All we need is the necessary funding and a viable business model to start working on fresh new ideas and turn them into exciting gaming experiences, be it on mobile or other platforms. 

How do you address the talent crunch in the market? Is there enough tech talent to compete with the global players?

JW: We are looking for the best talent from each respective country in the  ASEAN region and, if need be, we will set up a presence in that country. 

For example, Vietnam is further along in the hyper-casual games industry than Malaysia. Hence, the abundance of talent, especially in development, is apparent. This is one of the reasons why we plan to set up an office in Vietnam next year to house our development team there. We hope to grow in the coming years and become an attractive prospect to talented local graduates. 

KL: As far as my career in the games industry has shown me, while subjective, I am inclined to say that you will not find a lack of developers willing to join the game industry. We are definitely losing talents to the other industries because games do not pay as well. Like every vocation that is primarily passion driven, you will find that people are willing to work for less if they enjoy the work. This is one of the reasons salary for game-developers in larger entities can be kept low. Coming from a start-up and indie setup, I feel that game-developers can stand to earn more if they can find a way to branch out and create their own IP and brand. That being said, tech talent or not, crafting a fun experience on mainstream game engines like unity is not rocket science, creativity plays a larger role than technical competencies.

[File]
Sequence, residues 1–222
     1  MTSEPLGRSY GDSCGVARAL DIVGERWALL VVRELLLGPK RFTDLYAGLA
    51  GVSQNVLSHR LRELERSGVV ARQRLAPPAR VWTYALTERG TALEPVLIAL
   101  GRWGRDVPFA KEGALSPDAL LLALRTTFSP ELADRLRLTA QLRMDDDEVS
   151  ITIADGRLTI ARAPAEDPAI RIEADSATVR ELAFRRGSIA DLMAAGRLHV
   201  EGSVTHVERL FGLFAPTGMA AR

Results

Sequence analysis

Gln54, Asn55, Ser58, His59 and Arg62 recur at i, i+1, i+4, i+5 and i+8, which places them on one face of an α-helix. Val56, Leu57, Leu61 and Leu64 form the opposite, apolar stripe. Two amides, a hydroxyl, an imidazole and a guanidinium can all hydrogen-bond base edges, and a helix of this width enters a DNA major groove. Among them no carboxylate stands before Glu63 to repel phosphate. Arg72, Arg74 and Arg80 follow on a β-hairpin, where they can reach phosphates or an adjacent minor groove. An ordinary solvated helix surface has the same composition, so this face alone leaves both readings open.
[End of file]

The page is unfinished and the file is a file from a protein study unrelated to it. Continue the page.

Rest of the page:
Can you highlight the current gaps in the market that need to be resolved or fixed before Southeast Asia can compete on the global stage?

KL: First of all, SEA is a fractured market. Each country is distinct in every metric that market analysts care about. The diversification challenges the indie developers to build a soulful game for a substantial target audience. Language localisation, genre-preferences, aesthetic and artistic preferences vary across the region. Original content, though tasteful and rich, can sometimes be under appreciated.

Coming from an indie-developer standpoint, there are a few aspects of development I feel we may need to solve: 

  1. Ability to market effectively across different markets, platforms and languages.
  2. Raise investors’ confidence level as a whole through various means.

Once we are able to prove that our games are just as good as ‘the others’, by having numbers and figures to back up the claim, we will be able to improve our chances at unlocking substantial investments to grow the operations. One of the most effective strategies for an indie studio is to develop as many game projects as their budget allows. The notion of building a single big IP with all the money you have is risky and seldom works out. Each game project will teach you a different lesson and help you expand your perspective. The game here is not to build the whole rocket on your own, indie developers should be offering unique designs and creative means for space travel, hoping one of these ideas stick so well that somebody is willing to fund it into reality.

JW: I believe the main challenge for Southeast Asia would be the funding capabilities to compete with the world leaders, especially from Europe and the United States. Funding plays a vital role as building a game has a lot of moving parts in all of its development stages, and requires different input of resources both in-house and outsourced. Having secured funding would eliminate any unnecessary delays or compromise in quality to help developers build games that could compete in the global market.